World View: Hamas Is at War with Egypt More Than Israel

This morning's key headlines from GenerationalDynamics.com

  • Hamas's war with Israel -- and with Egypt
  • Analysts express alarm at ISIS control of Mosul Dam
  • Can Obama's air strikes save the Kurdish Peshmerga?
  • Obama is dragged kicking and screaming back towards the Truman Doctrine

Hamas's war with Israel -- and with Egypt

The ceasefire in Israel's war with Hamas ended at 8 am local time on Friday morning, and Hamas launched a barrage of rockets at targets in Israel a short time later. Israel walked out of the peace talks in Egypt and re-launched its air attacks on Hamas targets in Gaza. So the Gaza war is back in full force. 

Daniel Nisman, the president of Levantine Group, a Mideast analyst group, gave a very interesting interview on al-Jazeera on Friday morning. Here are some excerpts (my transcription). 

The [peace] talks are ... complicated. First, Israel is not talking to Hamas. Israel talks to Egypt, and Egypt talks to Hamas. [It] looks like the rocket fire that we saw this morning promptly after the ceasefire ended was actually sort of Hamas's negotiating tactics, to leverage their position...

Egypt's been in an open conflict with the regional Muslim Brotherhood movement, which extends also to Turkey and to Qatar. So if you look at Hamas, Hamas is basically the only Muslim Brotherhood branch with its own military, so you can see for yourself how Egypt would relate to that.

There's no question in my mind -- and I don't think any one in Israel -- that as soon as the current government came to power [in Egypt], they sought to weaken Hamas using any means necessary, and even if that means have Israel do its doing work while absorbing the international criticism.

I would say that it was really Egypt that pushed Hamas into a corner by shutting off the [Rafah border crossing] and destroying all those tunnels [under the fence between Gaza and Egypt]. That ... put Hamas into a corner with no choice but to fight its way out, and that's what it's doing right now in the current conflict. This conflict is actually as much of a fight between Hamas and Egypt, as it is a fight between Hamas and Israel.

Which is why you see that some of these negotiations in Cairo broke down even before Israel could even step in to the picture. There's still a lot of bad blood between the Egyptian side and Hamas side. There's a lot of insulting going on, and it's clear to many that Egypt will not let this conflict finish with Hamas in power. Egypt wants to finish this conflict with the Palestinian Authority sitting across from the Rafah border. They've got a very, very big Suez Canal expansion project, and they don't want Hamas to have any demands like expanding a seaport, building a seaport which could allow weapons to flow from Gaza into the Sinai peninsula.

So this policy towards weakening Hamas I think has been a big reason why the conflict has persisted as long as it has, because Egypt and Israel -- Egypt even more than Israel -- has an interest in weakening Hamas, seeing it as an extension of its own Muslim Brotherhood adversary.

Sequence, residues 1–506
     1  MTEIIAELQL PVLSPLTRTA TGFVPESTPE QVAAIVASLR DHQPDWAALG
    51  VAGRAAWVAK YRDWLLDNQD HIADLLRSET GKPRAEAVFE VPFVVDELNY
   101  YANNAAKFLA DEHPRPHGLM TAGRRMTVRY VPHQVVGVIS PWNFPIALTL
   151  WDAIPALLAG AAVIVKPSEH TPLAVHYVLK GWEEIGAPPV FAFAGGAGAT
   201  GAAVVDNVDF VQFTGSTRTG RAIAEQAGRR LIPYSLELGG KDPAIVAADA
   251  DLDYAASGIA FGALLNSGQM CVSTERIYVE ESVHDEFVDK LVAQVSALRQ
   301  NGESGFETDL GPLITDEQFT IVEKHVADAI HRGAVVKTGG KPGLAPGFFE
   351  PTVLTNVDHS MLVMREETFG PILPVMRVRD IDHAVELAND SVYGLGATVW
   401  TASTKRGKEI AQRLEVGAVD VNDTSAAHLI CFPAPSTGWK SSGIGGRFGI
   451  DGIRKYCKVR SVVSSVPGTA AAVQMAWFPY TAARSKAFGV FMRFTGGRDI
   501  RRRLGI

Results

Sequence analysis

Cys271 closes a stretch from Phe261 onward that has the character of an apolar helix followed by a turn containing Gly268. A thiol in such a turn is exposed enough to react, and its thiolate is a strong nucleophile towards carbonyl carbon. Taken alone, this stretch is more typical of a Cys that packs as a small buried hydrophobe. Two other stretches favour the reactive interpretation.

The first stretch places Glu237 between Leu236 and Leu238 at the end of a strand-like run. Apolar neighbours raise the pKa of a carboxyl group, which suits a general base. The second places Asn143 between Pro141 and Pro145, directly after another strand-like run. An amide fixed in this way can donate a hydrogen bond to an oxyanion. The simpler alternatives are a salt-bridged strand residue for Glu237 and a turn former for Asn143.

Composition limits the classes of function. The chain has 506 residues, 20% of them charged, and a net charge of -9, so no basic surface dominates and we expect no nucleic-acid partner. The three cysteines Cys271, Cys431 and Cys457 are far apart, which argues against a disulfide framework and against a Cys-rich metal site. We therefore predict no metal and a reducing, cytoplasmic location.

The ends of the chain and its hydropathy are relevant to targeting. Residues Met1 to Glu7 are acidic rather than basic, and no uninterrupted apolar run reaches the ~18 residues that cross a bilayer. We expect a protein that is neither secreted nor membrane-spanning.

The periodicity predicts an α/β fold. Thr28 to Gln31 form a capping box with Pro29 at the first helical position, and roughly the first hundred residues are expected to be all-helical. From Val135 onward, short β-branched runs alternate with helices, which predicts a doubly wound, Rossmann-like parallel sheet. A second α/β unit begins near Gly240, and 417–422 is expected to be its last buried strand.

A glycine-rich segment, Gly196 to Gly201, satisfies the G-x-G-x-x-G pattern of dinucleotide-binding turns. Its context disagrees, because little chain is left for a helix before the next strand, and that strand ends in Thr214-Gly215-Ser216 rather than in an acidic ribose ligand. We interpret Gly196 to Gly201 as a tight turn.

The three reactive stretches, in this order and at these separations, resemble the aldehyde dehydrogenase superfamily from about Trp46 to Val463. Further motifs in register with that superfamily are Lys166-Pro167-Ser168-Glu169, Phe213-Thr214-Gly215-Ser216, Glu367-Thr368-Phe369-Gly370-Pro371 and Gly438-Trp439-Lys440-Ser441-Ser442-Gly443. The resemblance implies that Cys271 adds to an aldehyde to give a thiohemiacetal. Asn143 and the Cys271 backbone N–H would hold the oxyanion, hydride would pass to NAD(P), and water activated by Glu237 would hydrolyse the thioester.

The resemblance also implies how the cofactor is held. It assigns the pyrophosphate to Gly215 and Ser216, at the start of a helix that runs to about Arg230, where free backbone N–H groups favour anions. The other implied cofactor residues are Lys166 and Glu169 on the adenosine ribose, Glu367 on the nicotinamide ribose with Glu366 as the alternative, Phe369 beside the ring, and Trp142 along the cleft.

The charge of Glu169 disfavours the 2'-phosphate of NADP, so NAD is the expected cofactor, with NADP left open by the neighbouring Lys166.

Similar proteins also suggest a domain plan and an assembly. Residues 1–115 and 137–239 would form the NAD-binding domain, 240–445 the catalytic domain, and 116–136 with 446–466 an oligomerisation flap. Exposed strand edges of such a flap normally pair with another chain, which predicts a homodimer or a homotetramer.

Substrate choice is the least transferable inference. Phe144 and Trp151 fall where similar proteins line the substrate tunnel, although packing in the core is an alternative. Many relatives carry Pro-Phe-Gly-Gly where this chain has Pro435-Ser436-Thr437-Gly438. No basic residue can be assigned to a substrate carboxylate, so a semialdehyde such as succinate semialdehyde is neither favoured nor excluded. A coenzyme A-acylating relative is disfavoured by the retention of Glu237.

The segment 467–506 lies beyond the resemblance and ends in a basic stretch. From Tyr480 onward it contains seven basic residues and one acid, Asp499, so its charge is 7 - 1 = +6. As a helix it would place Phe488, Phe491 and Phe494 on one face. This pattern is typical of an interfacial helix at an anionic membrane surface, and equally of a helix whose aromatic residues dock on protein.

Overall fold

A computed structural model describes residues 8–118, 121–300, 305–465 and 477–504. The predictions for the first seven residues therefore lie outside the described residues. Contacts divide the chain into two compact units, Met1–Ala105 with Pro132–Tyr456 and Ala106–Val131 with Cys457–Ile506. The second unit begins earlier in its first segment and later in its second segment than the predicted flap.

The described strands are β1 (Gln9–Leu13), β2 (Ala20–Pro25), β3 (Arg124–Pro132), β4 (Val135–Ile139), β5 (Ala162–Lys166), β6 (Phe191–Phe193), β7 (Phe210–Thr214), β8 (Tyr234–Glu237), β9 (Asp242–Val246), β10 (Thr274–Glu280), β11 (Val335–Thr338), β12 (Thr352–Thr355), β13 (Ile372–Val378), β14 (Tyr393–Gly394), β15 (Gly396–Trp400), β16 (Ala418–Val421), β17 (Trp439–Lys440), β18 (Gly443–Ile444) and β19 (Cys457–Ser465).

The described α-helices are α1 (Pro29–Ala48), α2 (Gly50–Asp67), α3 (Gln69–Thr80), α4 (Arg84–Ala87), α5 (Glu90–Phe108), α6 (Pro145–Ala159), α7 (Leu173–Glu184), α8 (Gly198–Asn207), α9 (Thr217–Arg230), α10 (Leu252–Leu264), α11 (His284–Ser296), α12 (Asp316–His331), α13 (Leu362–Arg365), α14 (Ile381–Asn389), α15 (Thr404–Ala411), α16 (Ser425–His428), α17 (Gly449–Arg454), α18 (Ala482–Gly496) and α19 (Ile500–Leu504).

Hamas has been increasingly demanding a seaport where supplies can flow in and out of Gaza, without being under control of either Israel and Egypt, as the border crossings would be. And once a seaport were open to international shipping, it would be almost impossible to close it again. However, Nisman makes the point that Egypt, even more than Israel, will prevent any such seaport from being built. 

Analysts express alarm at ISIS control of Mosul Dam

The Islamic State / of Iraq and Syria (IS or ISIS) apparently has control of the Mosul dam, the largest dam in Iraq. This gives ISIS control of much of Iraq's electrical power. 

However, many analysts are beginning to describe the dam as a "weapon of mass destruction." According to some reports, if ISIS blows the dam, then Mosul will be flooded with water 20-30 meters deep. The water will continue downstream, flooding many other villages. In three days, it will reach Baghdad, and flood it with water 5 meters deep. Millions of people would be killed. 

There are other concerns as well, according to a 2007 report from the U.S. Army Corps of Engineers. The Mosul dam is not built on solid ground. It's built on porous material that requires constant maintenance. If ISIS does not continue that maintenance, then the dam will collapse anyway. However, that event would be at least six months away, according to one analyst I heard. Gulf News and ABC News

Can Obama's air strikes save the Kurdish Peshmerga?

The Kurdish Peshmerga militias have a reputation for being fierce fighters, but they've performed poorly against ISIS in the past few weeks. Peter Galbraith, a Washington analyst, was interviewed on the BBC on Friday, and gave four reasons why the Peshmerga have done poorly: 

  • The Kurds have a 650 mile border with ISIS. They need to defend the whole border, while ISIS can choose any point of attack.